• Sancho (Borussia Dortmund) for Walker 120

Euro 2020 final

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ITALY (3-4-3)
Gianluigi Donnarumma (Milan) 7 

Not even his enormous arms could stop Shaw’s goal, which skidded into the ground and thudded past him before he knew what had happened. Stayed alert to tip over a Stones header, and was the hero of the shootout again.  

Giovanni Di Lorenzo (Napoli) 6 

Stranded and clueless for England’s early strike, seemingly unaware that Shaw was behind him. Appeared rattled by the occasion at first, passing the ball straight off the pitch and struggling to control Mount. Settled after his nervous start.

Leonardo Bonucci (Juventus) 8 

The slightly younger half of Italy’s formidable defensive duo, he was more interested than Chiellini in playing adventurous balls forward. Booked for a swipe on Sterling but sharp in the England box, where he turned home Italy’s equaliser from close range.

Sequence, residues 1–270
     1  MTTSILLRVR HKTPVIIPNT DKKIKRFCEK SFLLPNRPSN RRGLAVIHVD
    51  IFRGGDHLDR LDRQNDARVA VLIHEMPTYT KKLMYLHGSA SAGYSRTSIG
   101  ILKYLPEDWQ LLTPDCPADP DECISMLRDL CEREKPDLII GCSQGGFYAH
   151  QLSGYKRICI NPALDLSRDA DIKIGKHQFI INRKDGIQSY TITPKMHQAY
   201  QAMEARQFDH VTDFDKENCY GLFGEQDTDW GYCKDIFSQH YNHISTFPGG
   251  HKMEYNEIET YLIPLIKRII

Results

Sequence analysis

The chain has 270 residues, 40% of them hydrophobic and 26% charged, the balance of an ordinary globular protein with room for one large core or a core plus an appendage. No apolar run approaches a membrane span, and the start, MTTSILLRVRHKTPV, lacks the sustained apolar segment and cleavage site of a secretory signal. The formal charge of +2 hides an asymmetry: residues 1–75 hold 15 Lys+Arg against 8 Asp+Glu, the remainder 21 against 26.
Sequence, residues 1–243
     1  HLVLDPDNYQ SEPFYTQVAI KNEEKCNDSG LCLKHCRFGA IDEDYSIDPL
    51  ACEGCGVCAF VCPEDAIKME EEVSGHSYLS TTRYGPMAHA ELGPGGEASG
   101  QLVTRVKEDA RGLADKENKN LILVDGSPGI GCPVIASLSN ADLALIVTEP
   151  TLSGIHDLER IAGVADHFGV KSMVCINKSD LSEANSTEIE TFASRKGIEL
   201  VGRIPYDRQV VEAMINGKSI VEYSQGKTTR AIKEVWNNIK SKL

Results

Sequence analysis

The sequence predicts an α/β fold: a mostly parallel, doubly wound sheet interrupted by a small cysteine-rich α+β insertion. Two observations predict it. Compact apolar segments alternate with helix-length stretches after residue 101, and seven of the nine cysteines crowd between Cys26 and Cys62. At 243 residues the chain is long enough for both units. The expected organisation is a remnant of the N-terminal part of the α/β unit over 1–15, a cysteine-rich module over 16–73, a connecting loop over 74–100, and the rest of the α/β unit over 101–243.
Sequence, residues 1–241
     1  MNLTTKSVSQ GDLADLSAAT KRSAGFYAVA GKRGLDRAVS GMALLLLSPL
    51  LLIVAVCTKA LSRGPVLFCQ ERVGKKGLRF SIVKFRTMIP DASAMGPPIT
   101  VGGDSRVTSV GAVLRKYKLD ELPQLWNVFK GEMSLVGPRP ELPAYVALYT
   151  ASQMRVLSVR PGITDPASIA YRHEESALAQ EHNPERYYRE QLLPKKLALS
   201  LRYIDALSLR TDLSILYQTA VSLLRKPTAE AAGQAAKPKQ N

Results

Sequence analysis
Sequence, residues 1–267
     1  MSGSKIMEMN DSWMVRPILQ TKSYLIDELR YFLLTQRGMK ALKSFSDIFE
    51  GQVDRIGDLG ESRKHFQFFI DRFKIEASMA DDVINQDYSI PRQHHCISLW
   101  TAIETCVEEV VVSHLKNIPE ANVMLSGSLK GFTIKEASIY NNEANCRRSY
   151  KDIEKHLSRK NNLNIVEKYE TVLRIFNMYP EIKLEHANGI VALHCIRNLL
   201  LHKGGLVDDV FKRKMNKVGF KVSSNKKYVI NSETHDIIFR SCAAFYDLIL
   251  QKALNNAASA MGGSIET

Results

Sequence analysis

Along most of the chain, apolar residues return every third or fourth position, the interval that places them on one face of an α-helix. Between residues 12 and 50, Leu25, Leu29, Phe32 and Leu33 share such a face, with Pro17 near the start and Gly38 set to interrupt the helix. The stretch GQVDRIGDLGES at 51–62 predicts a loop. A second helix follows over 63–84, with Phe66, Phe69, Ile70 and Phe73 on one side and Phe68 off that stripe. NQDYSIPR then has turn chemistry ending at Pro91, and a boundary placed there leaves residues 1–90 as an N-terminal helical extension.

Giorgio Chiellini (Juventus) 8

Relished the physical battle with Kane. The old master at the heart of Italy’s defence produced a crucial interception to deny Sterling and became increasingly dominant as the match progressed. Cynical foul on Saka encapsulated his gritty approach.

Emerson (Chelsea) 6 

Italy’s perceived weak link was clearly targeted as England dominated the early exchanges. Spooked by Sterling’s speed, he gave Trippier too much space. Far better going forward than in defence, he grew into the game as Italy took control.

Nicolo Barella (Inter) 5 

Outmuscled and outrun by England’s midfield, especially the powerful Rice, in a first-half in which he struggled. Booked for a desperate lunge on Kane and was unable to make any meaningful impact on the ball. Hooked shortly after the break.